This article originally appeared on FLYINGmag.com. Ongoing coverage from FLYING Media Group sites during the Reno Air Races will continue this weekend.
The beginning of heat races for the Unlimited Class on Thursday at the National Championship Air Races marked an increase in excitement for spectators, higher intensity among competitors, and more drama in the pits and on the grid.
For the final running of the races at their longtime home at Reno/Stead Airport (KRTS), FLYING is focusing on the Unlimiteds by following the Yak-3U named Miss Trinidad. The aircraft, designed in Russia during World War II, began life as an advanced trainer, like a Russian version of an AT-6 Texan. For coverage on the Sport class and other heats, see reports from KITPLANES.
Miss Trinidad owner Sam Davis, crew chief John “Dusty” Dowd and pilot John Maloney worked together with a half dozen or so volunteers to prepare the airplane for competition against a field dominated by P-51 Mustangs. It was not easy.
Today the Yak has a Pratt & Whitney R-2000 under the cowling that is more than double the size of its original engine, yet small for a radial by Reno standards. Still, as Dowd, who owns a similar racing Yak notes, the Russian aircraft is smaller and lighter than others on the grid and can remain competitive without the enormous Wright 3350 and Pratt & Whitney R-4360s that have found their way into a number of air-cooled racers.
The R-2000 seems like the ideal engine for the Yak, but it has given this team trouble. In the weeks leading up to the Reno races, problems with the oil system led to an engine replacement. As race week began the new engine still needed a bit more time for break-in and tuning. Meanwhile the pneumatic system that operates the retractable landing gear and flaps had sprang a few leaks that needed attention. There was a brief wave of confusion over the time for which the heat was scheduled, leading to fear that the team had somehow missed its cue to move to the starting line. It was a false alarm.
After being towed to the ramp to line up with the Mustangs it would compete against, Miss Trinidad continued to keep spectators in suspense. As the T-33 jet pace airplane and the Mustangs began starting their engines, the Yak’s cowling remained open and something clearly was amiss. Dowd and several helpers worked rapidly to correct what turned out to be potential hydraulic lock because of oil collecting in the lower cylinders while the aircraft was parked.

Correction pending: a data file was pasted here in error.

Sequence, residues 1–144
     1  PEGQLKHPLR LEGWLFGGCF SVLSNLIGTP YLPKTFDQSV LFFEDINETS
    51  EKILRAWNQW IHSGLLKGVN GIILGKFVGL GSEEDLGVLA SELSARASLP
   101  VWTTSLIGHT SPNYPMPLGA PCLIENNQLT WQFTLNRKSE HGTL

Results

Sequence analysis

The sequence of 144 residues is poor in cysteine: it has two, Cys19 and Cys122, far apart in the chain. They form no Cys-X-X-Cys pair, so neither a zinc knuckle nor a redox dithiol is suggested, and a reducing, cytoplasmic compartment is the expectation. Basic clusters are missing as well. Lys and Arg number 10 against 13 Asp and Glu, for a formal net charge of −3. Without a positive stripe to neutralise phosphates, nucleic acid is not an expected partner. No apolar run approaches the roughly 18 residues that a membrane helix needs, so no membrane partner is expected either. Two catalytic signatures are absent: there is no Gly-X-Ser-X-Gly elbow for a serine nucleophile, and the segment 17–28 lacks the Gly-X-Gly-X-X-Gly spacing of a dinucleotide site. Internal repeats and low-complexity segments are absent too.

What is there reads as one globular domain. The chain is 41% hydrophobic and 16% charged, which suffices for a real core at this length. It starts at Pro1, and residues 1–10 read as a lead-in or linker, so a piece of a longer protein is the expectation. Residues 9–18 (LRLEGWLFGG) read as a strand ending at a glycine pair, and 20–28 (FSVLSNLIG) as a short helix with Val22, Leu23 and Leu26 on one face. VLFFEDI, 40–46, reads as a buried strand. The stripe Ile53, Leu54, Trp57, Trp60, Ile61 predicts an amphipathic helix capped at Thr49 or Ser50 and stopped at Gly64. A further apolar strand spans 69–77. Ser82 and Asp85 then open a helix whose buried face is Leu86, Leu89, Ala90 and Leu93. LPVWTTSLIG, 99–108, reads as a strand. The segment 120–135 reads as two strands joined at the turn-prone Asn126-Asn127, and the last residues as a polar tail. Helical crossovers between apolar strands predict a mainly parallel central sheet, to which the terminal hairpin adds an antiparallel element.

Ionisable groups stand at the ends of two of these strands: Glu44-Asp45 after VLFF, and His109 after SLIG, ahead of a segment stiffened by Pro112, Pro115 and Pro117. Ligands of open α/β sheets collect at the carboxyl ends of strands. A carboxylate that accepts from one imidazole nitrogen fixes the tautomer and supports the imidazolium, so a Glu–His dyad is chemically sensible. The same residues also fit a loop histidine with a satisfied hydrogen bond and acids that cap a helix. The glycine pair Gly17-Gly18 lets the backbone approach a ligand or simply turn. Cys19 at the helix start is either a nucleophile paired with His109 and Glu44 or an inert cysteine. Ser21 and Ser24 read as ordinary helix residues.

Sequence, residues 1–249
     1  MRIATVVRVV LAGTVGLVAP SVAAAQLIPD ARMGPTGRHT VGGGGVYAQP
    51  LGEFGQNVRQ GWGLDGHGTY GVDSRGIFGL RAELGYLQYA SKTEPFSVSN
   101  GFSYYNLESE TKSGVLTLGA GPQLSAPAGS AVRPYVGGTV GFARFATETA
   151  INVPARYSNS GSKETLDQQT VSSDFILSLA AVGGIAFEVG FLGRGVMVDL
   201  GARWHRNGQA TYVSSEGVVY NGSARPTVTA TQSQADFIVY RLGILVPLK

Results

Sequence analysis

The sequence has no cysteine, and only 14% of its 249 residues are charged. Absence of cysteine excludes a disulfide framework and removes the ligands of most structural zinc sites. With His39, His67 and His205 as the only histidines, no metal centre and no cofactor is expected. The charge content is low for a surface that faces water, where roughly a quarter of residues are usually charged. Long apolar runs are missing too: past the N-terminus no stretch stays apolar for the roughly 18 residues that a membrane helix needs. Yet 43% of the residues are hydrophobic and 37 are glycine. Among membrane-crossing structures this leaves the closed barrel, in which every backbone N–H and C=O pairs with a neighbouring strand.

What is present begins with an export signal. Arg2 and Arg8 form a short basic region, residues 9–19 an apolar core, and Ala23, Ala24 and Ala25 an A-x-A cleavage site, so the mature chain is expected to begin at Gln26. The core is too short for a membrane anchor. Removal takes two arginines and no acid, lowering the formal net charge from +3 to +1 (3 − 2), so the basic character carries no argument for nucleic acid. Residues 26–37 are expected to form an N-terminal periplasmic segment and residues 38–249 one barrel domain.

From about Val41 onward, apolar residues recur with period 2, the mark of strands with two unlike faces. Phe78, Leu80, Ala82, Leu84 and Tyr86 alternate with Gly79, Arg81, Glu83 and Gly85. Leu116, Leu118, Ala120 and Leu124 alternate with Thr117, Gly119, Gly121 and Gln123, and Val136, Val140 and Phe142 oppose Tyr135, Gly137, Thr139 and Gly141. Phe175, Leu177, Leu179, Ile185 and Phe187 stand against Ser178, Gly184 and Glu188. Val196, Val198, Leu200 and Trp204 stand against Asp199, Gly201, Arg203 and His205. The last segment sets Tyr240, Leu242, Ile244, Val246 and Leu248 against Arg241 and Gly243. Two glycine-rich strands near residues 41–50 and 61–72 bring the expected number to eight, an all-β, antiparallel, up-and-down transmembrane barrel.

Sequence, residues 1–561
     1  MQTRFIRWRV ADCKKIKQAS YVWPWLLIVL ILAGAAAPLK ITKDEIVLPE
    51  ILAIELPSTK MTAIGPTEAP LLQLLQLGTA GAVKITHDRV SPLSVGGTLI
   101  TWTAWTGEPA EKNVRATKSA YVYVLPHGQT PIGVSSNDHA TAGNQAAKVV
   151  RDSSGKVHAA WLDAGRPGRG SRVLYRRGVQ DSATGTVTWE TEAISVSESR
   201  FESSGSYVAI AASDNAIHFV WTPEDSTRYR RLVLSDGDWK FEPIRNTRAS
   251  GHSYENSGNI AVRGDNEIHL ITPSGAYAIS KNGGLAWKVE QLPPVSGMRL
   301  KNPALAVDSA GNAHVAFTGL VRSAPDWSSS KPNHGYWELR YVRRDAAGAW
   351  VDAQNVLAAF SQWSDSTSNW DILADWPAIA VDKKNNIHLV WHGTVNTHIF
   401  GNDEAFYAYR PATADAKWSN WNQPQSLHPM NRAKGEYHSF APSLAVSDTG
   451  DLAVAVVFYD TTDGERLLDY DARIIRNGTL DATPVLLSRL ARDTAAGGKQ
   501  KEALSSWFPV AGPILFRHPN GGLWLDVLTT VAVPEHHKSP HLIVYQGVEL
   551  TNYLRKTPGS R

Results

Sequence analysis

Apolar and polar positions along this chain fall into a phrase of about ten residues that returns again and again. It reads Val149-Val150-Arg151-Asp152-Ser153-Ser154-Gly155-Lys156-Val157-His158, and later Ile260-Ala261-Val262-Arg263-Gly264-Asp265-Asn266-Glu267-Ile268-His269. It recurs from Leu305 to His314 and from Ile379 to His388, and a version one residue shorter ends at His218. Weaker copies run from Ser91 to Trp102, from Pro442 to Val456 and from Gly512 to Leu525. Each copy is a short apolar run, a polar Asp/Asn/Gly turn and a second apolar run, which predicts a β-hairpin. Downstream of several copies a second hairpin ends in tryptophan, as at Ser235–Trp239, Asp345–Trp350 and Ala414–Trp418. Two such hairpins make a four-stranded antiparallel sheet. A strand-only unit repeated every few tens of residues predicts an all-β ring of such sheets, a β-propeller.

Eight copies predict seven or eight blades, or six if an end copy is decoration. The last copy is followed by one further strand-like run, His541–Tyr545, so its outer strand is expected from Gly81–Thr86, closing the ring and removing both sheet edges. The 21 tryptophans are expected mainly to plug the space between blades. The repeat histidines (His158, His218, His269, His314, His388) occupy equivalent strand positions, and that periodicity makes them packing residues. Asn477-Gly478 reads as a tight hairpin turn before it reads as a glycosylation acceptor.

One crew member ran back to the pits to grab the proper tools for purging the excess oil. After a few more tense minutes, the crew closed the engine cowling, Maloney cranked the starter and Miss Trinidad coughed, sputtered, and finally roared, sending fragrant, oily smoke toward the crowd that gathered along the flight line to watch. Soon Maloney taxied toward the runway, performed a run-up and took off. The Mustangs followed.
When the pace plane released them onto the course, the pilots descended toward the guide pylon, jockeying for position before making the first left turn of the race—a classic Reno start. Maloney led into the turn with Vicky Benzing in Plum Crazy—the purple P-51 last campaigned in the 1972 Reno by Clay Lacy—right behind. They pulled away from the others, and by the time they flew past the grandstands, Maloney had begun increasing his lead, which he held to the finish. Benzing came in second. This was her first Unlimited race after many years of competing well in the Sport and Jet Classes.
Miss Trinidad was the center of attention throughout. At first, spectators wondered if she would start. Next, they might have doubted she would finish. But after she won the heat convincingly, the buzz intensified. Everyone seemed to be talking about “that Russian airplane.”
Trinidad and her crew have heats on Friday and Saturday that will sort out which teams compete in the Bronze, Silver, and Gold finals on Sunday. After qualifying at just over 358 mph, Trinidad ran about 366 mph in the first heat.
Naturally the plan is to go faster each day. Davis, Dowd, and other crew members appear to share a goal of topping a 400 mph average lap speed and making the Gold Race on Sunday, but air race folks rarely talk openly about such things. I think it is considered crass.